See an update to my previous post regarding Ashley Holzer competing in the Olympics

Pop Art is one stunning horse. Okay, I’m a canuck so I’m a little biased! Canada may actually have a shot at something with this combination…unless the judges go for the flashier but less correct riders <cough>rollkur <cough>.

Here’s a recent video from June 25th at the qualifier in Blainville, Quebec in which they received 77.150%, the highest score in three days of competition at the CDI-W Blainville Summer Classic.

What do I notice in this clip? First of all, he is not behind the vertical. Second, he has a wonderful self-carriage. For the piaffe, his back legs are positioned nicely underneath him, he is nicely balanced uphill, his back looks supple and his head is in a nice frame. This is a perfect example of a classical correct piaffe.


In my constant quest for learning all that is horses, it has become crystal clear to me how little I knew. In summer camps and riding lessons when I was younger, the reins were for stopping, and kick was to go.  Call it old school english training. I knew every piece of a saddle and bridle by heart, every bone in a horse’s leg, but the theory can only mean so much if you don’t know the purpose. I loved learning dressage when I got older, but I mostly only knew it from a riding perspective. Natural horsemanship has taught me a whole new way of looking at things from the horse’s perspective.

This thirst for understanding has spilled over to dressage. Having witnessed a number of  top level competitions, including the World Cup, I questioned certain things I saw. Why does the horse look so tense and unhappy, tail swishing –  as if ready to explode at any moment? So inverted I would think to myself. A more relaxed horse, but with less flashy movement got a lower score. Why? To my untrained and inexperienced eye, even I could see that something just did not look right.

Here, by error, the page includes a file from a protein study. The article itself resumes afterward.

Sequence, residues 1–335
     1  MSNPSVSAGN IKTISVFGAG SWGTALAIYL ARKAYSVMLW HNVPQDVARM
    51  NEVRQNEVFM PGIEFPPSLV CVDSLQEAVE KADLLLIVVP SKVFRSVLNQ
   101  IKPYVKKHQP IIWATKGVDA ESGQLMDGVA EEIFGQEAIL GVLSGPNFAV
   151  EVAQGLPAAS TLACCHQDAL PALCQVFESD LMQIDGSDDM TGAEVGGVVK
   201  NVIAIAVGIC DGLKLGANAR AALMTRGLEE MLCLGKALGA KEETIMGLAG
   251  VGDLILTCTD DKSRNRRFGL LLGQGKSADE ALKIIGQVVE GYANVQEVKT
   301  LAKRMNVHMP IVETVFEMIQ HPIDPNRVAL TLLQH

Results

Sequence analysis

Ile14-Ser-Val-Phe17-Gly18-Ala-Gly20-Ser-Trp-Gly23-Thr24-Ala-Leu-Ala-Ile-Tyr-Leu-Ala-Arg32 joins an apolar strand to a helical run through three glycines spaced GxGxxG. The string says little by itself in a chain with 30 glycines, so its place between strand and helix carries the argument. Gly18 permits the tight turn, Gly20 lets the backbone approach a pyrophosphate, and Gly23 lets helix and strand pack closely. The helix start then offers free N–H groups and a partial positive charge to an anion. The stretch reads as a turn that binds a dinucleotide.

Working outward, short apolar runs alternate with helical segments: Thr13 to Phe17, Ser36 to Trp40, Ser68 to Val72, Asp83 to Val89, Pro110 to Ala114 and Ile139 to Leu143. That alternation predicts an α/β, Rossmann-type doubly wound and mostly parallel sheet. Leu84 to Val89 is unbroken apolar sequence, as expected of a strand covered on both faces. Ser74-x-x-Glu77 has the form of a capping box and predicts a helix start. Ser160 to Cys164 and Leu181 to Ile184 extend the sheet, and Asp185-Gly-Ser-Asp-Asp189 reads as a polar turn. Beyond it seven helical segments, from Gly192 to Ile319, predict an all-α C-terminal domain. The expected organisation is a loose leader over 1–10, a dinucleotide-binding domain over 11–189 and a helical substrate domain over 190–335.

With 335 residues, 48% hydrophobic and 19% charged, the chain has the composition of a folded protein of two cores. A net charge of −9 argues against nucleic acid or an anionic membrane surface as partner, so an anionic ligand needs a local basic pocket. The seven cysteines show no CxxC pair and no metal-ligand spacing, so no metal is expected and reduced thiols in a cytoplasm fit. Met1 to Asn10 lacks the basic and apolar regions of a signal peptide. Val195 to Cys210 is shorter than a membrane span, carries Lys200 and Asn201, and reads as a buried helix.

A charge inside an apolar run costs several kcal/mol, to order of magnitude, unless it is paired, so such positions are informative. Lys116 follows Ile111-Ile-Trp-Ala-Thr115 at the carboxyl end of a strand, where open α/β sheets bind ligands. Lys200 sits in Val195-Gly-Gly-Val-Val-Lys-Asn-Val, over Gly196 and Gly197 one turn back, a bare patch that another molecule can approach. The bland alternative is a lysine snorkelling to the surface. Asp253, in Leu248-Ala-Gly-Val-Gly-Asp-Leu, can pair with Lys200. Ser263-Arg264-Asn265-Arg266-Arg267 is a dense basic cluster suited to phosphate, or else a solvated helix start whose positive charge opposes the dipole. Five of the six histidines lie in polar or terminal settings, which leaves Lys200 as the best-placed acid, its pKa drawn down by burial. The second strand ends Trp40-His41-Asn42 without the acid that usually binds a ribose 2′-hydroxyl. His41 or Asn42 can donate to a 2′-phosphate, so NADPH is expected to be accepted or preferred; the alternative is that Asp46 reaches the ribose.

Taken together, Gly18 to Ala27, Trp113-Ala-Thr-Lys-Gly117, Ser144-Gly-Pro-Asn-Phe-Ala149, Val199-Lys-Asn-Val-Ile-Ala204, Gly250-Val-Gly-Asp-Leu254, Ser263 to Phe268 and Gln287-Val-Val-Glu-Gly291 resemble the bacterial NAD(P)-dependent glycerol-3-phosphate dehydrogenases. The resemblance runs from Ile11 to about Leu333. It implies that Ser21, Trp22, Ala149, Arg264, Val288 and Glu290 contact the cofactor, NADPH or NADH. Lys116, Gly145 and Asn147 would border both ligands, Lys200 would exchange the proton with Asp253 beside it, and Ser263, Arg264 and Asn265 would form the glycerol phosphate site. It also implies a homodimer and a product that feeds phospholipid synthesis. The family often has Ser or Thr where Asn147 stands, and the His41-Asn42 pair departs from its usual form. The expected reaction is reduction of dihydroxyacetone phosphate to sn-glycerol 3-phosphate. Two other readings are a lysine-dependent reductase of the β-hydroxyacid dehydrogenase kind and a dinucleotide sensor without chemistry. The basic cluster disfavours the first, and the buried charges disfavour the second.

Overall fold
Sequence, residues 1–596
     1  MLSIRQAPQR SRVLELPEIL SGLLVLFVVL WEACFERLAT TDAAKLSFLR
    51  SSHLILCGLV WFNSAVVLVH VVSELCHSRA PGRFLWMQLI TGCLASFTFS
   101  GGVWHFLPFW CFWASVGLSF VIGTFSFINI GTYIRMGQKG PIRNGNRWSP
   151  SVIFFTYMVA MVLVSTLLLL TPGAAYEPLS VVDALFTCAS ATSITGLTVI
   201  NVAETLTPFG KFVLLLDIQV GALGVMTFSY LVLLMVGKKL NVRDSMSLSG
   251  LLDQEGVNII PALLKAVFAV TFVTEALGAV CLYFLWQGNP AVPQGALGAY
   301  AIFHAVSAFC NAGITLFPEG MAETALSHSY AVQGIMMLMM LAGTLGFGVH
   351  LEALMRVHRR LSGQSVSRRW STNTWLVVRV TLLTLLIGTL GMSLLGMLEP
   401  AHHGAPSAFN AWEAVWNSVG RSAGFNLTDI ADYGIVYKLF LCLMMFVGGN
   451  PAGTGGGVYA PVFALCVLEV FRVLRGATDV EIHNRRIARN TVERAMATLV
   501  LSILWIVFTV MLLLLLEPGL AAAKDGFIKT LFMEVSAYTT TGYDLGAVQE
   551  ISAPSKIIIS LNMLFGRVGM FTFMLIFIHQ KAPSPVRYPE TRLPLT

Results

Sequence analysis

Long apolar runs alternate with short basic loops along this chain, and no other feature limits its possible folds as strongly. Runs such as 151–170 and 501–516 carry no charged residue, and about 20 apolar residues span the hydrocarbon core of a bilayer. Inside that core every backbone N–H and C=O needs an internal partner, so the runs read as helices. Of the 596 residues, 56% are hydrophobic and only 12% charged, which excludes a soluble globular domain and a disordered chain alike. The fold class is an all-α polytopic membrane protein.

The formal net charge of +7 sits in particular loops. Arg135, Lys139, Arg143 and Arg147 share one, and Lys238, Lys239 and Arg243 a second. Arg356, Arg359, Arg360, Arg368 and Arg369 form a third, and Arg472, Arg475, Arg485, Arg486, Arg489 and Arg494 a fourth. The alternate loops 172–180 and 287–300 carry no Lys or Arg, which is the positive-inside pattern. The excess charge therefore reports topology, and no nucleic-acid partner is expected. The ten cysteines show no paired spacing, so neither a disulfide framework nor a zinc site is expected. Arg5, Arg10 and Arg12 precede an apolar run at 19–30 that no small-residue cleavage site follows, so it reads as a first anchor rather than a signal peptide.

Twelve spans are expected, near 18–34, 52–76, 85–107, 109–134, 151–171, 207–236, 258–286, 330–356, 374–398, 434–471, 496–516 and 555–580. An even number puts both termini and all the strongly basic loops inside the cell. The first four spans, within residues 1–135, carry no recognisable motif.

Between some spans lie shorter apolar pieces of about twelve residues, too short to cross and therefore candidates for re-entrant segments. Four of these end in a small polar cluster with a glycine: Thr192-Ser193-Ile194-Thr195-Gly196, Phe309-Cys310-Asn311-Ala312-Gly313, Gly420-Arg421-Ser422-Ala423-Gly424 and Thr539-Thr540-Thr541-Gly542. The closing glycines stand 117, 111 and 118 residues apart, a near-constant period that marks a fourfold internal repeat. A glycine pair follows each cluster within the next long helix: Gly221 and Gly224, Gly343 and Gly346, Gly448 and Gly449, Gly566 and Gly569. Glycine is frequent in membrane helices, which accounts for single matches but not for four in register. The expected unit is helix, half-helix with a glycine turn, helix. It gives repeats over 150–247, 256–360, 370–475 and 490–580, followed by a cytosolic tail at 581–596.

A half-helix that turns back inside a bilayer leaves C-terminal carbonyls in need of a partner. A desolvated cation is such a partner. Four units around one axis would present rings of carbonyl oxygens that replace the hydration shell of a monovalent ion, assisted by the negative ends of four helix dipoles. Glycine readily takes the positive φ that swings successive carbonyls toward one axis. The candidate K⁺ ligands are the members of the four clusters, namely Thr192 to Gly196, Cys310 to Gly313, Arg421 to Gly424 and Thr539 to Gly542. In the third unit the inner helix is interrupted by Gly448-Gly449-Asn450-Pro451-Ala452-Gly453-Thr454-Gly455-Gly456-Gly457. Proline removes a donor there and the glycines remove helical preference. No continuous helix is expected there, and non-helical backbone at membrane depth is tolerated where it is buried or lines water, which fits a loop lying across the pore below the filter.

Over the last few years a growing movement has arisen questioning these ‘modern methods’ of dressage training and the use of hyperflexion or ‘Rollkur’. I am currently reading ‘Tug of War: Classical Versus Modern Dressage by Dr. Gerd Heuschmann and it explains perfectly why I and countless others question the methods of some of the top riders in the sport. Just as in any discipline, there is no quick rise to the top without consequence, that being the horse’s health and well being. What is surprising is the FEI’s position that the method of rollkur  “is not detrimental if used in a correct manner”. Dr. Heuschmann provides a wealth of technical knowledge including the history of dressage principles and the physical anatomy of the horse. He does not put the blame just on riders, in fact it is breeders, judges, spectators and trainers. In our fast paced world, and drive to win, the basics have been forgotten in favor of the quick fixes. In a foreward of the book, Peter Kunzmann states”

Only the person who possesses thorough equine knowledge can appropriately adjust his actions to suit a horse’s nature and physicality, while at the same time promoting its healthy development – an important issue that Dr. Heuschmann emphatically insists be given time and space.

So many riders look up to these top competitors and strive to emulate them. But at what cost? Dr. Heuschman states:

According to the saying, “you can’t make an omelette without breaking an egg”, many of today’s competitive riders engage in pulling, squeezing, jerking, and more. And, since the equestrian media frequently focuses on images of high performance competitors, it then appears that such riding is exemplary for all. This is not the case! It’s high time we raise our voices and declare war on this push-pull way of riding!

Links of interest:





UPDATE AUGUST 2008 – Ashley Holzer is indeed competing in the Olympics. From the Dressage Daily website in March: